Central America Leadership Initiative Fellow, Christian Marin Muller, specializes in virology. His company, Speratum, is working together with Roche Pharmaceuticals to adapt the innovative technology they developed for cancer treatment as a possible alternative treatment for COVID-19. This project utilizes synthetic biology and nanotechnology to direct molecules into infected cells in order to attack the virus. If proven effective, it would be a huge medical breakthrough for the world, and especially Costa Rica. Christian shares with us his work, Fellowship experience, and motivations that push him further, even during a global pandemic.
What draws you to healthcare innovation?
I am a Costa Rican. I was born and raised in Costa Rica, but traveled quite a bit with my parents for several years. While working towards my master’s degree, I started a small business and I got to learn a little bit about bootstrapping and working with low capital. After that, I decided to get my doctorate in molecular biology and microbiology from Baylor College of Medicine in Houston and started working there in the laboratory of Kathy Yow; she was working with both HIV and pancreatic cancer. My primary focus, however, was on pancreatic cancer and the mechanisms that give rise to pancreatic cancer. So we started working with an area of technology called RNA interference, which is a very promising area for therapeutics.
What has the impact of COVID-19 been like in Costa Rica?
Latin America is now becoming the epicenter of the pandemic and that’s going to be very difficult. The poverty that is being faced, the devastation, and loss of human lives as a result of this pandemic is going to be tragic. Here in Costa Rica, we’ve thankfully been very blessed with a health system that is well prepared to handle the crisis. Our Minister of Health is an epidemiologist, our director of our universal healthcare system is a biochemist. So they have been leading with science with every step of their decisions. That has allowed us to prepare very carefully and to really maximize the infrastructure that we have in the country. So the response has been fabulous and the citizens have had a very high level of social responsibility and social conscience.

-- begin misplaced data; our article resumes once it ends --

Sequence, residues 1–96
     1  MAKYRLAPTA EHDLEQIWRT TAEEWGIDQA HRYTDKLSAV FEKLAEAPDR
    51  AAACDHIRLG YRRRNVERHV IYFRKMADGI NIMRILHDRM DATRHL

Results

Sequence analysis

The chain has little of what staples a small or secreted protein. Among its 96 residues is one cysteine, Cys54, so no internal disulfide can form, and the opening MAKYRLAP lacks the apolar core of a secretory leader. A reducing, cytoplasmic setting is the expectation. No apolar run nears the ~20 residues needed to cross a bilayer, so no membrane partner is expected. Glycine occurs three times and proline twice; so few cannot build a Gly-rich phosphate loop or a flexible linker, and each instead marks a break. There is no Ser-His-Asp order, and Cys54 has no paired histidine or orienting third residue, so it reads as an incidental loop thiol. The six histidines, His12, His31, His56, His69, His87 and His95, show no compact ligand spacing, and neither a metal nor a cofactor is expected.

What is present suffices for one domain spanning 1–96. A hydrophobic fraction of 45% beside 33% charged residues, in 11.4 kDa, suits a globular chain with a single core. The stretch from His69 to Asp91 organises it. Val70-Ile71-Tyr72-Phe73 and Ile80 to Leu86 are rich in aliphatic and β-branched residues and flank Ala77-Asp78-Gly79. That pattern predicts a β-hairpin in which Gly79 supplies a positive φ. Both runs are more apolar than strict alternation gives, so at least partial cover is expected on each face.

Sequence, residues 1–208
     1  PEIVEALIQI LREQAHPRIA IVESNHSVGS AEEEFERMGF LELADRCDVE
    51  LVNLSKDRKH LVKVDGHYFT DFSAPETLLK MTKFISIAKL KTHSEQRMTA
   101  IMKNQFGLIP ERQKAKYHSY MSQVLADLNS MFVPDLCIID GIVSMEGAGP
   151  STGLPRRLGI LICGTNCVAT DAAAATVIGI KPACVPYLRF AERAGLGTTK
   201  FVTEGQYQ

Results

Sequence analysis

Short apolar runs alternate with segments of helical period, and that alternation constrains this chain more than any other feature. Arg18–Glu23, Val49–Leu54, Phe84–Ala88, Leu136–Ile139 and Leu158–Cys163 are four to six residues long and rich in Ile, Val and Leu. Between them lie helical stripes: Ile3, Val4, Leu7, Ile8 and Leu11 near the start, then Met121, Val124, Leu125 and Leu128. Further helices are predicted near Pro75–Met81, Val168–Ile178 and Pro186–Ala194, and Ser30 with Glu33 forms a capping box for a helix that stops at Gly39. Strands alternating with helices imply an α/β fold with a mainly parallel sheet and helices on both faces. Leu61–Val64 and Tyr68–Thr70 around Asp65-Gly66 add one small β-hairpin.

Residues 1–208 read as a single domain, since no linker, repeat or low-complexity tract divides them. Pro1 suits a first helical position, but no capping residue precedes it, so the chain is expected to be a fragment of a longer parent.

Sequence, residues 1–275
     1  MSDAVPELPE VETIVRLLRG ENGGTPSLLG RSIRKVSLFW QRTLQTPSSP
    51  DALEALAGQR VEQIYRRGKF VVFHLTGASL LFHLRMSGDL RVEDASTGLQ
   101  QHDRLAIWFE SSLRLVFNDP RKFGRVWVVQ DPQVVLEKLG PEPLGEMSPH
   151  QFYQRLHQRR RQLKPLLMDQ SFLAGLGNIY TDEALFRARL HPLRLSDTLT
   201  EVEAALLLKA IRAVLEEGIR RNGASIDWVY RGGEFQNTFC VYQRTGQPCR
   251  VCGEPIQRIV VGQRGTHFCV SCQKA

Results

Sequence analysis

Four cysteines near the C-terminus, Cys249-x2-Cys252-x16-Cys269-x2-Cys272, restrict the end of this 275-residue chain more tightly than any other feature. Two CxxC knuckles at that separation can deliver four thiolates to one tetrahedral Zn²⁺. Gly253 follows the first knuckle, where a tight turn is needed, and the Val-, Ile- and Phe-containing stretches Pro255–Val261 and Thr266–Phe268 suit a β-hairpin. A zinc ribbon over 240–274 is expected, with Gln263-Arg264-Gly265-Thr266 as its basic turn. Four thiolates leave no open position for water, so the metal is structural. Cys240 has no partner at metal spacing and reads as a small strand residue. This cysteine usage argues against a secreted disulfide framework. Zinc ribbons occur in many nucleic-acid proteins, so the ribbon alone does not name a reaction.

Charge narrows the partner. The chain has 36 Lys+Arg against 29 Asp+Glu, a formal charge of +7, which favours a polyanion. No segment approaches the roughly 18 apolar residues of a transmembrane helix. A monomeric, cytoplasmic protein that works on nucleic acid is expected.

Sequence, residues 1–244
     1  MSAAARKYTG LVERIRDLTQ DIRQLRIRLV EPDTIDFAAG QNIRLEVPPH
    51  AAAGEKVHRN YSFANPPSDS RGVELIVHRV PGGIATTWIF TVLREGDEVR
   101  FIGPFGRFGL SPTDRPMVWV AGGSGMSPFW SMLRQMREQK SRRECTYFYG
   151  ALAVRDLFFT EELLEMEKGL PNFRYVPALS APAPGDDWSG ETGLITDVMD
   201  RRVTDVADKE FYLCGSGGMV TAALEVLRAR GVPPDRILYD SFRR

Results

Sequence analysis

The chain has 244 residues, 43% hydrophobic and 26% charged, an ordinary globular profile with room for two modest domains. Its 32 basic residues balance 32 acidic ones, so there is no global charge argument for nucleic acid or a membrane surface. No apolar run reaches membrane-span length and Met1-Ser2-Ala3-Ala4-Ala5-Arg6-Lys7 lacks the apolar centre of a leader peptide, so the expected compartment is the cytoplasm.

But there’s also difficulties because not everyone can sustain multiple weeks of not going out to work. To combat this, the government has taken a very strategic approach at reopening. Our hospital system capacity could be overwhelmed in as little as three weeks, so it’s a matter of leadership in our community, a matter of communicating all the information to as many people as we can, and for people to have social responsibility. Hopefully here we can continue this trend and have a positive outcome.
What cancer treatment are you working toward right now?
We were working with one micro RNA that was a tumor suppressor in pancreatic cancer. Whenever it was missing, the tumor cells could grow more aggressively and rapidly and become resistant to chemotherapy more easily. So our idea was, ‘what if we can synthesize these molecules in the lab and then introduce them to the tumors, raise the levels and maybe put the brakes on cancer growth?’ We patented one micro RNA that works as a tumor suppressor in pancreatic and ovarian cancer, and hopefully multiple other cancer types as well.
The way that it works is we have to get these molecules, which have been structurally modified to get to tumors in order to raise the level and apply the brakes. For the past six years, we’ve been working to refine, optimize, and perfect these technologies and one of the great things is that we’ve now got everything to such a level that we’re basically pretty close to being able to enter clinical trials for our pancreatic cancer technology. This technology is not only useful for targeting molecules, with a simple redesign of the molecule that we’re inserting we can have them target just about anything that we want to target.
Image: Christian Marin Muller in his Laboratory.
What does this mean for COVID-19?
Coronavirus is an RNA virus, and it happens to have many sequences within its RNA that are targetable by our design. So we’ve now made several different candidates that we’re going to start testing to see if they potentially could work against the virus. We’re basically taking something that we’ve been developing for a long time and making it directly target specific cells in order to target specific molecules, and just reappropriating it to target the Covid-19 virus in virus-susceptible cells.
How is this approach different?